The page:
Purchase certified disease-free plants from a reputable nursery. Blackberry plants are most commonly sold as potted plants propagated using tissue culture. Begin planting as soon as you can work the soil in the spring. Plant to a similar depth as the potting medium. Cover the planting hole with soil and firm the soil to remove air pockets. Small, tissue-cultured plants need to be cared for in the same way as a tender vegetable transplant (Figure 1). Water them frequently until the plants are established. Larger, potted plants are a little less tender, but good water management is still important.
Trailing and semierect blackberry plants should be grown as individual plants because they do not produce new primocanes from the roots. Space trailing plants 3 to 5 feet apart in the row and semierect plants 5 feet apart. Rows should be 10 feet (trailing types) to 12 feet (semierect types) apart. Erect blackberry plants are most commonly grown in a hedgerow. Space plants 2.5 to 3 feet apart in the row with 10 feet between rows. Keep any primocanes that emerge in the row area between plants. Maintain the row width to about 12 inches by pruning or rototilling to remove any primocanes that emerge outside this area. If you allow wider hedgerows, management tasks such as weeding, pruning, and harvest can be difficult, and disease can become more of a problem due to the dense canopy.
Only primocane-fruiting types of blackberries will produce a small crop in the planting year. All types will produce a “baby” crop the next year, and the third year they will be in mature production.
Although you can grow erect blackberries without support, trellising is beneficial to all types because it helps prevent cane breakage from wind, keeps the planting neater, and simplifies cultivation and harvesting.
Blackberries are extremely vigorous and most cultivars are floricane-fruiting. For these reasons, blackberries are less easily grown in containers.
Blackberry plants, like all berry crops, need adequate water to thrive. You can irrigate your crop by hand, or with sprinklers or drip systems — whatever works best for you. The important thing is to make sure that adequate moisture is getting to the root zone. For more information on irrigation, see Growing Berries on the Oregon Coast: An Overview (EM 9177).
In all berry cropping systems, drip irrigation is ideal. Blackberries can be irrigated with a single line of drip irrigation per row with half-gallon emitters placed every 18 inches. Established blackberry plants typically need from 1 to 1.5 inches of water per week during the growing season.
A mulch can help control annual weeds, conserve soil moisture, and depending on the type of mulch, provide a source of nutrients. Be careful to not bury the blackberry crowns as this can lead to crown rot or plant death. Deep straw is not recommended as it can bury the crown and lead to increased vole or rodent activity, which can damage the plants. For more detailed information on mulches, refer to Growing Berries on the Oregon Coast: An Overview (EM 9177).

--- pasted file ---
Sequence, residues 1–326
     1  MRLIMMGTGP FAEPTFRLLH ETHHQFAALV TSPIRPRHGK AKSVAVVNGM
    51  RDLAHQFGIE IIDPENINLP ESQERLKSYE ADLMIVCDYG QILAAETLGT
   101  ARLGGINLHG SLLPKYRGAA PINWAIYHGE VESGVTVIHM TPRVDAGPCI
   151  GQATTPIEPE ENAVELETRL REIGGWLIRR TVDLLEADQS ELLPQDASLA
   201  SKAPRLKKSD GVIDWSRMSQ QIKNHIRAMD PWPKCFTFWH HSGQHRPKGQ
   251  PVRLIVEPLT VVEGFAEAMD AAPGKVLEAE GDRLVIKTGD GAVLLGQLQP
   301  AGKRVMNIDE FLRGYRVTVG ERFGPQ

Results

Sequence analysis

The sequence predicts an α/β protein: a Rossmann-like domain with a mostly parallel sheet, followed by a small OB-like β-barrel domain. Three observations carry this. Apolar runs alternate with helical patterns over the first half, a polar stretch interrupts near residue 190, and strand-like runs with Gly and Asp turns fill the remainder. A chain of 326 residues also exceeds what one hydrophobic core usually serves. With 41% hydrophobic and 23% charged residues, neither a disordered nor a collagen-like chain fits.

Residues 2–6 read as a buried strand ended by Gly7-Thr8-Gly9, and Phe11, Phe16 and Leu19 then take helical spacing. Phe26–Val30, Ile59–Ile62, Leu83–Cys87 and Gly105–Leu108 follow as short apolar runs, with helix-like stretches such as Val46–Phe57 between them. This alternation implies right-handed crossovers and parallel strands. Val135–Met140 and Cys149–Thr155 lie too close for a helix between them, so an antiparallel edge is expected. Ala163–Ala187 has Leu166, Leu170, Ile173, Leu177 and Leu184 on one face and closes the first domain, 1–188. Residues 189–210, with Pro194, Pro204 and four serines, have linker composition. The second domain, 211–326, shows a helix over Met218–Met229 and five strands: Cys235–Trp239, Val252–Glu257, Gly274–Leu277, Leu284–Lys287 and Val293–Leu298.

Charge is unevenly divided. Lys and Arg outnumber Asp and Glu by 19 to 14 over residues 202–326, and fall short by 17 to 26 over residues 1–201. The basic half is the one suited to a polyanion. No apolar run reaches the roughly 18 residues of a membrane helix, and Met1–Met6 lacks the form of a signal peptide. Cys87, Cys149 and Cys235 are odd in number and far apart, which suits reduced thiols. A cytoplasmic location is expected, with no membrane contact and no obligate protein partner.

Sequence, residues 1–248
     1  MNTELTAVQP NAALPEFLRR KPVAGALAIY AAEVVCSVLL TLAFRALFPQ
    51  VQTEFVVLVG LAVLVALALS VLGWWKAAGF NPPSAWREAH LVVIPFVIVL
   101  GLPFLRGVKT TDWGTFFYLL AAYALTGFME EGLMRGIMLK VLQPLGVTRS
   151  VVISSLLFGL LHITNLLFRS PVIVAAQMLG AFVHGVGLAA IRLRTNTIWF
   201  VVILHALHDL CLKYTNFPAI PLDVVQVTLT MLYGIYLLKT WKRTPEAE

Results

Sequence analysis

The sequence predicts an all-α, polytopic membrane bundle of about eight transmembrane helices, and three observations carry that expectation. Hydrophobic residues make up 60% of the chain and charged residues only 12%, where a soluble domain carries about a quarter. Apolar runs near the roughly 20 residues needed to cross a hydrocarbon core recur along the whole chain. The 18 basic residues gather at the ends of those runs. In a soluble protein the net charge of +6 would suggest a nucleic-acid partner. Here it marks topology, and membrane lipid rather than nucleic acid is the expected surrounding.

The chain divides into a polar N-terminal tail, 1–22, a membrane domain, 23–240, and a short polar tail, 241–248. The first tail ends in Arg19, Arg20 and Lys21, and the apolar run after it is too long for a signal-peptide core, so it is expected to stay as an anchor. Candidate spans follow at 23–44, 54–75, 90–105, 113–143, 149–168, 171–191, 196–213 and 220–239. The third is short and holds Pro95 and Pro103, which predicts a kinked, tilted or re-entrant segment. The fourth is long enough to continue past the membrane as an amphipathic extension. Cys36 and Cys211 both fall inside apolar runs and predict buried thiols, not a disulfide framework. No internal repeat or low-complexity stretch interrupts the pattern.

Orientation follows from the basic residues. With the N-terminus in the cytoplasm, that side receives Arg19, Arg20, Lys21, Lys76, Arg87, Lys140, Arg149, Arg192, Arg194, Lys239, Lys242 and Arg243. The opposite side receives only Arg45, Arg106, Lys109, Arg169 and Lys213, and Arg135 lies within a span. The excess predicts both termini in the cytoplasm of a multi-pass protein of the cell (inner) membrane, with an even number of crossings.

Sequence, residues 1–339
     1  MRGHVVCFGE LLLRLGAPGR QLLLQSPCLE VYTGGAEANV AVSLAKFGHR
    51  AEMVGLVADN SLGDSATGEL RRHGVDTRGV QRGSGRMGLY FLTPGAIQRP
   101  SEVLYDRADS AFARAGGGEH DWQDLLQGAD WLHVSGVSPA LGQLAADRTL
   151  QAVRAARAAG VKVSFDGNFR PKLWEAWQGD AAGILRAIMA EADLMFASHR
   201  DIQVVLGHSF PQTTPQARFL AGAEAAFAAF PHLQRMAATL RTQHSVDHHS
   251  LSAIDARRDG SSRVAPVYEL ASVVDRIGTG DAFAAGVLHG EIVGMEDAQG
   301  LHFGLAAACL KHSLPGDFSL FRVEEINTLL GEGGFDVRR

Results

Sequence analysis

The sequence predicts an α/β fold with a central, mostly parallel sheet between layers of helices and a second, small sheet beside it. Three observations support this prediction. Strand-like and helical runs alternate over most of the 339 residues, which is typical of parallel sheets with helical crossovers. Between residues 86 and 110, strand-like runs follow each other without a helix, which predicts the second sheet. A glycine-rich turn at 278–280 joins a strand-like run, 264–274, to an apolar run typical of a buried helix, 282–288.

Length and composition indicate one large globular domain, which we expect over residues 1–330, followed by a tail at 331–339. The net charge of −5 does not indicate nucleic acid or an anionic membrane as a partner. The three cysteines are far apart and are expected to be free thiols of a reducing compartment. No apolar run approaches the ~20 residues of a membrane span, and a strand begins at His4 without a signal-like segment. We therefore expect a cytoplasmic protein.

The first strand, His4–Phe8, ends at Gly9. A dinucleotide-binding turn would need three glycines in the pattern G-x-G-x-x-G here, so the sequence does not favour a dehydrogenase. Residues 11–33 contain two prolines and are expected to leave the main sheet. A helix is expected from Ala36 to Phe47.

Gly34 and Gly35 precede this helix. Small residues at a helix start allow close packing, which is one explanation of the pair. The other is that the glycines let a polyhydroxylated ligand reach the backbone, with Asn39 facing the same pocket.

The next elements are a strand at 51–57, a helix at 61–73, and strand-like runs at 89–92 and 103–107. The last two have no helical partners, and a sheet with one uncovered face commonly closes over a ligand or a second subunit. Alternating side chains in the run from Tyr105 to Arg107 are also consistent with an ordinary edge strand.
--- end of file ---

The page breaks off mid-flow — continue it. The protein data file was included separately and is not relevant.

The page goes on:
When fertilizing new plantings, plan to divide the total required nitrogen (N) into three equal portions, the first starting two weeks after planting, the next one a month later, and the last a month after that. Spread the fertilizer evenly down the row area. Fertigation can also be used in blackberries. See the Caneberry Nutrient Management Guide (EM 8903) for more information.
In erect blackberries, fertilize with 2 ounces N per 10 feet of row (60 pounds N per acre). For semierect and trailing blackberries, apply 1 to 1.4 ounces N per plant, depending on soil type and plant vigor.
Well-balanced fertilizers, such as 16–16–16, some similar types of inorganic fertilizer, and some organic products, work well for blackberries. See Growing Berries on the Oregon Coast: An Overview (EM 9177) for more information on fertilizing berry plants.
Fertilize floricane-fruiting blackberries with 1.5 ounces N per plant or 3 ounces per 10 feet of row (80 pounds N per acre) per year. Fertilize primocane-fruiting blackberries with 3 ounces N per 10 feet of row (80 pounds N per acre).
Divide the fertilizer into two applications, applying the first in late March to early April, just as the new primocanes start to grow, and the other in late May to early June. Semierect and primocane-fruiting blackberries may require an additional 0.5 ounce N per plant or about 1 ounce per 10 feet of row (25 pounds N per acre) in mid- to late July to ensure there is adequate nutrition to accommodate the late- fruiting period.
Broadcast the fertilizer over the soil surface in the row area (about 2 to 3 feet wide, centered on the row). Irrigate immediately after fertilization. If you use manure applications (generally in autumn or early winter to a depth of about 2 inches), try reducing the fertilizer N by half and monitor plant growth to see if additional fertilizer N is needed. Fresh manure is not recommended as it is high in salt content and can burn plants.
If N is fertigated, divide the total recommended rate into equal amounts and make weekly or bi-weekly applications from early April through July, depending on the type of blackberries grown.